The mission of Longhouse Media is to catalyze Indigenous people and communities to use media as a tool for self-expression, cultural preservation, and social change.
Longhouse Media, a Washington State non-profit organization, was launched in January 2005. Our vision was to start an Indigenous media arts organization that would nurture the expression and development of Native artists, drawing from traditional and modern forms of storytelling, cultural identity, teaching and inquiry, based in the technologies of today.
In our work here at Longhouse Media, we have continued to develop an array of successful media arts programming for Indigenous communities; partnering with the Seattle International Film Festival to organize and host the annual SuperFly Filmmaking Experience, co-presenting with Northwest Film Forum our monthly screenings entitled Indigenous Showcase, working in collaboration with Native youth and Vision Maker Media (PBS) to produce the acclaimed feature length documentary March Point for PBS; Independent Lens, supporting the work of Urban Indian artists through multi-media art shows, and offering an ongoing series of educational workshops and trainings in partnership with tribes, schools, museums, cultural centers and health clinics.
We are both proud and humbled by our successes, fueled by the knowledge that we are bridging a gap between Native communities and digital media, and providing life skills, career development in the media field, community involvement through multimedia projects, and artistic expression through digital filmmaking. We wish to thank all of our supporters, tribal partners, students, mentors, community members, funders, and volunteers, for your inspiration, generosity, and dedication.
*Our initial signature youth program, Native Lens, was established in 2003 by 911 Media Arts Center and developed in partnership with the Swinomish Indian Tribal Community as a model media literacy program for Native youth. Longhouse Media wishes to thank 911 for its efforts to establish the Native Lens program.
- Support the emergence of new media works by indigenous artists and communities.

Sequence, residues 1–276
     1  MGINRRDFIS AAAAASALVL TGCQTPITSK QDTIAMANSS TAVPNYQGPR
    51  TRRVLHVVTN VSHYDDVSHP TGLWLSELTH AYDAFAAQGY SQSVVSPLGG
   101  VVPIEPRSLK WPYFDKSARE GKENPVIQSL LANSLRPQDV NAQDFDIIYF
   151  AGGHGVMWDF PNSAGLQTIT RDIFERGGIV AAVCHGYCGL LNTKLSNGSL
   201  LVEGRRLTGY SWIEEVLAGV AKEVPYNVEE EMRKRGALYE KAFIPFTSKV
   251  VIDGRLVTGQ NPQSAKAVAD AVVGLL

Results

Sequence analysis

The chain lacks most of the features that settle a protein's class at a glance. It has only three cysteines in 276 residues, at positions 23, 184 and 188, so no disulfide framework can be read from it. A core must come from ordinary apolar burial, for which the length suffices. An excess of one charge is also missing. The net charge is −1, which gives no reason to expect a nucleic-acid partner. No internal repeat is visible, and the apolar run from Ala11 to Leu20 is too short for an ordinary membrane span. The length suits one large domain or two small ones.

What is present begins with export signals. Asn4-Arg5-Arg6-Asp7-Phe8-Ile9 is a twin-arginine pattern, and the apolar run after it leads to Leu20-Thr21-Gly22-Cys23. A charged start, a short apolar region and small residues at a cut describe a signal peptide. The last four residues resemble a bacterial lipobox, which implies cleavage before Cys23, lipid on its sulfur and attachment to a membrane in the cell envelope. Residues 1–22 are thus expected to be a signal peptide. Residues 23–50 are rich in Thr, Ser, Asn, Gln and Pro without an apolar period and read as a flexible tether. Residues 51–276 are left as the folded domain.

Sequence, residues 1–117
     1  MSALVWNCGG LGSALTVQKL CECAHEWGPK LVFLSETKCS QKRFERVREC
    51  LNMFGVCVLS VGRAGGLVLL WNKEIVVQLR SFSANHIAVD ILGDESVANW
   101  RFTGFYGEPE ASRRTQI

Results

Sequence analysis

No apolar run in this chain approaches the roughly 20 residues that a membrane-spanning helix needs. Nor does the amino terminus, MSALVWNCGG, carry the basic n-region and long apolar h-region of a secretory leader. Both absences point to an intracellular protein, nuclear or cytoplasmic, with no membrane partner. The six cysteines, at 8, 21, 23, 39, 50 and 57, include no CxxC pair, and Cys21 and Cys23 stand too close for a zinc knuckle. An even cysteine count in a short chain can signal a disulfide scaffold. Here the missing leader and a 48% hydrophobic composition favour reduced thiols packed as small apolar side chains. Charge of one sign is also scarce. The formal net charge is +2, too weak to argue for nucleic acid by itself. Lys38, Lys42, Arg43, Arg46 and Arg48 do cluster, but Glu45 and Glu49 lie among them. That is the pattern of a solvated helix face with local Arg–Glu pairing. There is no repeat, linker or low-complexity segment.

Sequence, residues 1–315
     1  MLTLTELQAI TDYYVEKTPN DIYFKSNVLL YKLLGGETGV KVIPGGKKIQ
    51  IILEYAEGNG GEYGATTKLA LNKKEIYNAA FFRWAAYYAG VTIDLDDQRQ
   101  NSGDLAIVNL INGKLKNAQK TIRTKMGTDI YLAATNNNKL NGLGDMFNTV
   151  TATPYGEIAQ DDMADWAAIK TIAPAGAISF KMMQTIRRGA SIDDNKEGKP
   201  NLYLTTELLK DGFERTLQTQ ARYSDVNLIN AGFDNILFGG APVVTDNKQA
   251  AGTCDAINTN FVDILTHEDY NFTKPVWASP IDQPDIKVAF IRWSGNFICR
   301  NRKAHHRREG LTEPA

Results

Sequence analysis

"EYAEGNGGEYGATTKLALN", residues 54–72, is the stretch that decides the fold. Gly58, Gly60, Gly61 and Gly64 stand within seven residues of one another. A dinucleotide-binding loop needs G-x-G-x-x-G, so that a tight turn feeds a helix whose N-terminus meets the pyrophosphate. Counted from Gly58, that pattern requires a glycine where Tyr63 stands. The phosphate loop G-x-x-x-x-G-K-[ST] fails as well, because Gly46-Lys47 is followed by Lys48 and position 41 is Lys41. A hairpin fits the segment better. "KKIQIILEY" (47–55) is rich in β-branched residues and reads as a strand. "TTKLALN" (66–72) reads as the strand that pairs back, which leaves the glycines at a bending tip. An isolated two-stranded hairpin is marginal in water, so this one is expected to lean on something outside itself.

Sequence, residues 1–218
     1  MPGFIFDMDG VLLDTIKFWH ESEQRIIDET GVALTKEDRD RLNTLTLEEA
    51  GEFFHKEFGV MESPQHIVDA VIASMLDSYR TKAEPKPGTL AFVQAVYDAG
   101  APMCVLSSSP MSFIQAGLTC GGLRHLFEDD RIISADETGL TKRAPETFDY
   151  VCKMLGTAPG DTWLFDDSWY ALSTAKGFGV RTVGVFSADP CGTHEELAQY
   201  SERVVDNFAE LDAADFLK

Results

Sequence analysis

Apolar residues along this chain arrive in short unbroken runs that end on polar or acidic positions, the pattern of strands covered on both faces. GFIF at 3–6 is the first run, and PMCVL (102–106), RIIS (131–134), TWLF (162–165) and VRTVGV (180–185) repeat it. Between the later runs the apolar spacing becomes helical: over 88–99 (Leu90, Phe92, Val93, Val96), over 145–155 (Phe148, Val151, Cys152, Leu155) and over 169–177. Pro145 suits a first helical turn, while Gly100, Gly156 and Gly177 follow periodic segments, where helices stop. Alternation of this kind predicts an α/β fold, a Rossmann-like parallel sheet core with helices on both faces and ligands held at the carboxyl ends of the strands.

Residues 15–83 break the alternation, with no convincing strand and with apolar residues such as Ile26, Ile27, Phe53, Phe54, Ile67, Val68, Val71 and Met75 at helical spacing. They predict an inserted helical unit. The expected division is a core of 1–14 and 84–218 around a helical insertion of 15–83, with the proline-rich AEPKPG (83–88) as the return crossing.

- Create and sustain educational arts and technology programs that are culturally relevant and based in a collaborative process between Longhouse Media, Native youth, elders, educators, youth workers, artists, and filmmakers.
- Break down negative stereotypes of Native people in the media.
- Produce high quality media for the broad community relating to Native issues and people. Also, to support indigenous non-profits with access to affordable media and video productions.
- Provide youth the skills necessary to tell their own stories through digital media.
- Foster experiences for young people and adults that provide career development in the media field, community involvement through media projects, and artistic expression through digital filmmaking.
Staff and Board
Tracy Rector (Seminole), Executive Director
Tracy earned her Masters in Education from Antioch University’s First Peoples Program. She specialized in Native American Studies, traditional plant medicine and documentary film. As the co-producer of the award-winning film Teachings of the Tree People, producer of March Point and director of Unreserved Tracy has developed an awareness and sensitivity to the power of media and film as a modern storytelling tool. Her work has been featured on Independent Lens, Cannes Film Festival, ImagineNative, National Geographic’s All Roads Film Project and in the Smithsonian’s Museum of the American Indian. As a Native Education specialist, Tracy offers unique insight to her projects. Her vision is to bring traditional and contemporary education together on a foundation based in environmental stewardship. She has worked as a consultant with the Seattle Art Museum as an education specialist, as a Native Naturalist for the Olympic Sculpture Park and in planning for the new expanded Native American wing of the Seattle Art Museum and the international exhibition S’abadeb-The Gifts: Pacific Coast Salish Art and Artists. Tracy also developed curriculum for IslandWood, an environmental education center. In 2009 Tracy received the National Association for Media Literacy award for outstanding contributions made in the field of media education (previously awarded to Jon Stewart and Bill Moyers). She is a recent Sundance Institute Lab Fellow and is the recipient of the Horace Mann Award for her work in utilizing media for social justice. Tracy was raised in Seattle and Albuquerque, both homes have inspired her artistic and cultural vision. She currently works and lives in Seattle with her two boys. Tracy is the Co-founder of Longhouse Media.